Clark has received interest from a number of teams since free agency started three weeks ago, but he continues to weigh his options. He understands that this is an important year for him and he wants to make sure he lands in the right situation, one that will allow him to showcase his skill set and salvage his career. For the first time since he was drafted in 2009, Clark found himself unemployed during a season when he was waived last March. He doesn’t want to end up on the outside of the NBA looking in again, which is why he’s taking his time with this free agency decision and carefully considering every opportunity.
“I’ve been hearing from a few teams, but it’s not anything that I’m jumping at right now,” Clark said. “It’s been different, man. I’ve been a free agent a few times and this summer seems like it’s going in slow motion. I’m just giving it time and going through the process. I just want the right situation and the opportunity to play. That’s all I want – the opportunity to get out there, play, help the team and prove myself again.”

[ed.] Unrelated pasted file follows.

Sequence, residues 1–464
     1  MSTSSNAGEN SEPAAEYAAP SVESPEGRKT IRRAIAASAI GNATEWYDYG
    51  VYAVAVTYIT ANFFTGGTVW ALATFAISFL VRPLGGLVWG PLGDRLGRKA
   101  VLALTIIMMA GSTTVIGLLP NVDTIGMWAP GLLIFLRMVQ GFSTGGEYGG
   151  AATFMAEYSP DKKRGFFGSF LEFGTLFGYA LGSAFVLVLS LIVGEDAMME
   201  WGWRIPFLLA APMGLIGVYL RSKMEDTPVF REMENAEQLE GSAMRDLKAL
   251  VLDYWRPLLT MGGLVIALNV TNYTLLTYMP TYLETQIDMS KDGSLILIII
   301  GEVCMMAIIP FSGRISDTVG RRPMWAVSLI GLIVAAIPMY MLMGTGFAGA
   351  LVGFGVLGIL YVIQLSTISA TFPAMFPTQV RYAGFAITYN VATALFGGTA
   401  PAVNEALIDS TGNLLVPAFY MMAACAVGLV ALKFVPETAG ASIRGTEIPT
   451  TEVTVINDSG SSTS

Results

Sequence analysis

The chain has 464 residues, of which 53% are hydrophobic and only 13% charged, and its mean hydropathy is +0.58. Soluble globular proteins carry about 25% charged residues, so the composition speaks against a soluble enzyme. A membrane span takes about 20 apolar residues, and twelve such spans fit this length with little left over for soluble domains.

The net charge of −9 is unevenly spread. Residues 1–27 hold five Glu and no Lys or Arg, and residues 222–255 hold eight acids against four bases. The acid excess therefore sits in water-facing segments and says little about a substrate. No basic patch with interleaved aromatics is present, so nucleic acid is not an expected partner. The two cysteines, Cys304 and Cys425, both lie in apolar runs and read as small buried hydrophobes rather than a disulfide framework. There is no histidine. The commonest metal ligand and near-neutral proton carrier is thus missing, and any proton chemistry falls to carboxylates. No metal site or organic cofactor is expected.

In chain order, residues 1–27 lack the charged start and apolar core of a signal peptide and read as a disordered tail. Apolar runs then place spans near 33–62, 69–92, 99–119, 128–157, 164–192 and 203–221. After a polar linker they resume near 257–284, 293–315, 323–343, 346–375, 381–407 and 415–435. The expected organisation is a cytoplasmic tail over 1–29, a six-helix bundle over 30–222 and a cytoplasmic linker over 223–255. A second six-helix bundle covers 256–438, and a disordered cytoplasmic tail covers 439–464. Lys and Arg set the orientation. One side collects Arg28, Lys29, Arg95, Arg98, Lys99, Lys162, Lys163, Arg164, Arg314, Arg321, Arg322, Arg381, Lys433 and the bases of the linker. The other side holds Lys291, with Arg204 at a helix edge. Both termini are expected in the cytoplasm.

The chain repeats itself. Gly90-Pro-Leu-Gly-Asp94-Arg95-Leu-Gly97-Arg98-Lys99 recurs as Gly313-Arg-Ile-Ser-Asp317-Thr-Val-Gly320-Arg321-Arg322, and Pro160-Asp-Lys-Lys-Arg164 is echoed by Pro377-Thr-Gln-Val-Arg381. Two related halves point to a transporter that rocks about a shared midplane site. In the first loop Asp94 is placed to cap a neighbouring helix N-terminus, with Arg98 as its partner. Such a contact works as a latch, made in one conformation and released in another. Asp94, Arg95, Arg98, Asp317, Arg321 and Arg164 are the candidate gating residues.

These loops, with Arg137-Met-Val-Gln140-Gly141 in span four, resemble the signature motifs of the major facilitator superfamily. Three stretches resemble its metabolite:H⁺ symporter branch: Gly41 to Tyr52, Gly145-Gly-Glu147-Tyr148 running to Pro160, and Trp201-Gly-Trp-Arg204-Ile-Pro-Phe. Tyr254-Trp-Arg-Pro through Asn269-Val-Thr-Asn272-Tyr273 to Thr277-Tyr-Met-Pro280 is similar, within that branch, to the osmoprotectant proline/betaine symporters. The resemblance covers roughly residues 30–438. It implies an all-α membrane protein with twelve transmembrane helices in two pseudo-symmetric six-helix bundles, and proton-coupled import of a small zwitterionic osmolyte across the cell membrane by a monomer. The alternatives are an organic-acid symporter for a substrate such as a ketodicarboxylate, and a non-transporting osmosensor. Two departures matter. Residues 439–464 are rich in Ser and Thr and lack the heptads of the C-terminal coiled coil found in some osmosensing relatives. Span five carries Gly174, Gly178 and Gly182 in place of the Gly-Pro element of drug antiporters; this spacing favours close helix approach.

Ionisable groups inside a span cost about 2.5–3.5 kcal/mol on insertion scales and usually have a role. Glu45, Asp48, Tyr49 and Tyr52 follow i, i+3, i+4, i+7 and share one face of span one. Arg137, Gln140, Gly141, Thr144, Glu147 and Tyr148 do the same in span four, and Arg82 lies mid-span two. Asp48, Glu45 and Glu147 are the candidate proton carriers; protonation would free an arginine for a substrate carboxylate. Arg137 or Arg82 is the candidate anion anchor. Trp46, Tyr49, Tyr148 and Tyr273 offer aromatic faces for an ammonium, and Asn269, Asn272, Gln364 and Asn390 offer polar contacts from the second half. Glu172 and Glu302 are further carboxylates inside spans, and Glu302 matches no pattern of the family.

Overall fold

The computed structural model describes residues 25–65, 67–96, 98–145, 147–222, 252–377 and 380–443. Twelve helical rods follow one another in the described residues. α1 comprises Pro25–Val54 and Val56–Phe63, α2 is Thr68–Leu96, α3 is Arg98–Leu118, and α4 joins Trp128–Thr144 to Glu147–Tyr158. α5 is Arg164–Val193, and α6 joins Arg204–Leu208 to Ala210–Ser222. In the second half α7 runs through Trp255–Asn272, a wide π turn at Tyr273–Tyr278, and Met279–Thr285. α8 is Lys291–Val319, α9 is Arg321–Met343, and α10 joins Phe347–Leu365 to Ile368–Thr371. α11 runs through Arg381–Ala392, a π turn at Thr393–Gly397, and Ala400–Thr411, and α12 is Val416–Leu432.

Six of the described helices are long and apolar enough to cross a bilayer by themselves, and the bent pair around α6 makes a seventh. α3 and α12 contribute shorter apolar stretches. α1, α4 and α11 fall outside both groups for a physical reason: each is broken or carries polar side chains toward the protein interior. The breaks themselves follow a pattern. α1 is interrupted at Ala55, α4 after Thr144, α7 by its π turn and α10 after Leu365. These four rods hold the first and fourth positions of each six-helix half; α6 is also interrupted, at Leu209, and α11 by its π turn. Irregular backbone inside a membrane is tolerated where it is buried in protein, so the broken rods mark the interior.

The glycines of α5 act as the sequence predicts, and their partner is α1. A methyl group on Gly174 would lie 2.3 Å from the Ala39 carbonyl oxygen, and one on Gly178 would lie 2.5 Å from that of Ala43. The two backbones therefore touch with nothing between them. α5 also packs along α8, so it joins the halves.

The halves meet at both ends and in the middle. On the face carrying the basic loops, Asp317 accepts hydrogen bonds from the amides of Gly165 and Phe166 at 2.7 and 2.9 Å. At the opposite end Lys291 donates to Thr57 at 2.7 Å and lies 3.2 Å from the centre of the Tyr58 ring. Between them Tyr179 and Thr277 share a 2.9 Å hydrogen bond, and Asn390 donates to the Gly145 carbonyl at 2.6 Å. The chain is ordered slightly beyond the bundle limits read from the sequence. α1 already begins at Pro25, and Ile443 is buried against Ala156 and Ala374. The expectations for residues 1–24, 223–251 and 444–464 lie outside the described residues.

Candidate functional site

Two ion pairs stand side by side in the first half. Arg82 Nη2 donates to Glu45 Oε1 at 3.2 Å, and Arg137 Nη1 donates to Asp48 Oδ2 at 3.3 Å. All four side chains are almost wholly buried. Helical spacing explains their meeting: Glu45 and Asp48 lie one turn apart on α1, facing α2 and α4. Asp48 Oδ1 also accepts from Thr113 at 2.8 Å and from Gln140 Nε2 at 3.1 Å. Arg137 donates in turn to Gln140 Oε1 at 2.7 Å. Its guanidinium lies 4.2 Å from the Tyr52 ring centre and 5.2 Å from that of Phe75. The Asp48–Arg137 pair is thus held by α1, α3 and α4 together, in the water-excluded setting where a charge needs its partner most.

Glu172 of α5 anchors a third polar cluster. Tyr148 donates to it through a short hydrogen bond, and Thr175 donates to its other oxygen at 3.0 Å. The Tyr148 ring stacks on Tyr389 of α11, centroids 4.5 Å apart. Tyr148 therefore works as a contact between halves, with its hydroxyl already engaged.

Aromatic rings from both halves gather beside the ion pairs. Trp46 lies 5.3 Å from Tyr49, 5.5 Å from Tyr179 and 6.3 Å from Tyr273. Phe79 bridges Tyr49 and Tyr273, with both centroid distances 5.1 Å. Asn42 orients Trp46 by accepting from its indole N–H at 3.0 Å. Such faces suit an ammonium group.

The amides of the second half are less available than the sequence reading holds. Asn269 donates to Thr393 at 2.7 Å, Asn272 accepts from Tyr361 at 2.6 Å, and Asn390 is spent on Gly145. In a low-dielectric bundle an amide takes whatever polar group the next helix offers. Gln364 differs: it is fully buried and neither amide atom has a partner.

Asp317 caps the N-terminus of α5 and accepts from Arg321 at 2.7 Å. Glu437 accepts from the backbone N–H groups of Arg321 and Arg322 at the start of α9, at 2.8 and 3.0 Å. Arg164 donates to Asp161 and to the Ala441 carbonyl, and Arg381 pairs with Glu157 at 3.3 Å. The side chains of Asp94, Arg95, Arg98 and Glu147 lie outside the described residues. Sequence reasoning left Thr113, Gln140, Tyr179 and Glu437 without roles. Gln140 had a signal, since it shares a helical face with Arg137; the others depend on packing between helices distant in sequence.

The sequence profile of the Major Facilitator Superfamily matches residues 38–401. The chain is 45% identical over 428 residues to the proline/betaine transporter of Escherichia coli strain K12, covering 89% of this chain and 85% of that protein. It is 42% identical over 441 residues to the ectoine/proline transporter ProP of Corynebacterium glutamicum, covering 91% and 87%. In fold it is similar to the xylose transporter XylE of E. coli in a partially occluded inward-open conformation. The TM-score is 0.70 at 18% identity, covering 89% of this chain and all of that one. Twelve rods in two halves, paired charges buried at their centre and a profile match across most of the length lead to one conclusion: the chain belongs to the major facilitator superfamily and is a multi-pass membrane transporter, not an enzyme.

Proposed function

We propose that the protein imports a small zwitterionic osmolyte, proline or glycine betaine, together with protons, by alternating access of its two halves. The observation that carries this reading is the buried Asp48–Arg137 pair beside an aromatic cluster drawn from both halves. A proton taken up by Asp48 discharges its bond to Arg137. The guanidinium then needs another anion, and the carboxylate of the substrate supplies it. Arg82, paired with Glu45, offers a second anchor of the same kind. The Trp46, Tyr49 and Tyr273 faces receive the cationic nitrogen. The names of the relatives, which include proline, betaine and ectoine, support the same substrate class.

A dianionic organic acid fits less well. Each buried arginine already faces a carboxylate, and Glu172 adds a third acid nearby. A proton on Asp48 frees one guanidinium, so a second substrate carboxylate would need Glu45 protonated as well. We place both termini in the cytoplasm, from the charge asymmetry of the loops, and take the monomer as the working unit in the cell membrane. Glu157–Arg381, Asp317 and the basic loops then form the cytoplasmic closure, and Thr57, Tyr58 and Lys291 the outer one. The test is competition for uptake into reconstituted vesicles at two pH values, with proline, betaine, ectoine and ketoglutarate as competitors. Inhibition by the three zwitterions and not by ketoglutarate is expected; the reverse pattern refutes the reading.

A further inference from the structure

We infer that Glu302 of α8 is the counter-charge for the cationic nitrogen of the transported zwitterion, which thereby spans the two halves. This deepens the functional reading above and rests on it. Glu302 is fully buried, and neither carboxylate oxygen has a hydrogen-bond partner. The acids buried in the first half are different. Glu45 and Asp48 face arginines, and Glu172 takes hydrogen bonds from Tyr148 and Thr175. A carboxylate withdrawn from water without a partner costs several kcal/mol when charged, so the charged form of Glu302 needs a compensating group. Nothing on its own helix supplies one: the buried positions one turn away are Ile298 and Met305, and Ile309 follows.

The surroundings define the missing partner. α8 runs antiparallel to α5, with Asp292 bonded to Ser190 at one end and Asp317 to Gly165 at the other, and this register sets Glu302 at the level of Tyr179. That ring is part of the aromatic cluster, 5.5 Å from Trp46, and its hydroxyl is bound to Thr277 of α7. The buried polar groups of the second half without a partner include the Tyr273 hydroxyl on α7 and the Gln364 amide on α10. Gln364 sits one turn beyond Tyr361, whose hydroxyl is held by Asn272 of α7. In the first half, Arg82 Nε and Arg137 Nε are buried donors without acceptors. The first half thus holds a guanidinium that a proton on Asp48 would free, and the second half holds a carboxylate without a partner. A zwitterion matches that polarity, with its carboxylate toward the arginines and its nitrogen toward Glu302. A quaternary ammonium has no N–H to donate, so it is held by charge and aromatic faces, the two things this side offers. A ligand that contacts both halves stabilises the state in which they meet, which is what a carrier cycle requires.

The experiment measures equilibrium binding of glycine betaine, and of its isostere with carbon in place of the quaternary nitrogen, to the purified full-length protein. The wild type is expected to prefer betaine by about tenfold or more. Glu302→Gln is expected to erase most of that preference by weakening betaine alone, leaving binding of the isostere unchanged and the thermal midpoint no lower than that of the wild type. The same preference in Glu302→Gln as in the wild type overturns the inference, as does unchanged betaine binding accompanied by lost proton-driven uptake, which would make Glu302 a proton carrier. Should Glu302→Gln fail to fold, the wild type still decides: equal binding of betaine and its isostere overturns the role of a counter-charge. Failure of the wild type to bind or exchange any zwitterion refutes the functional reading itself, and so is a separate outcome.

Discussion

When Clark entered the NBA, he was just a kid. Now, he has grown up, started a family and is very different from the player who began his career in Phoenix. The 26-year-old is married with two kids, and he says that he has really matured in recent years.
“I’ve grown a lot,” Clark said. “When I first came in to the league, I was just eager to get on the floor and play and prove myself. I wasn’t really thinking about the business aspect of basketball, the other side of it. Now it’s different, having a family, being married. I’m 26. I was younger then. When you come into the league, you’re 21 or 22 years old. At 26 years old, the life you live is different. You grow up fast. It’s just a whole different way of life; it’s just different now. I’m different, and I see the game differently now. It’s slowing down for me.”
Clark has been training every day, bulking up and working on his jump shot.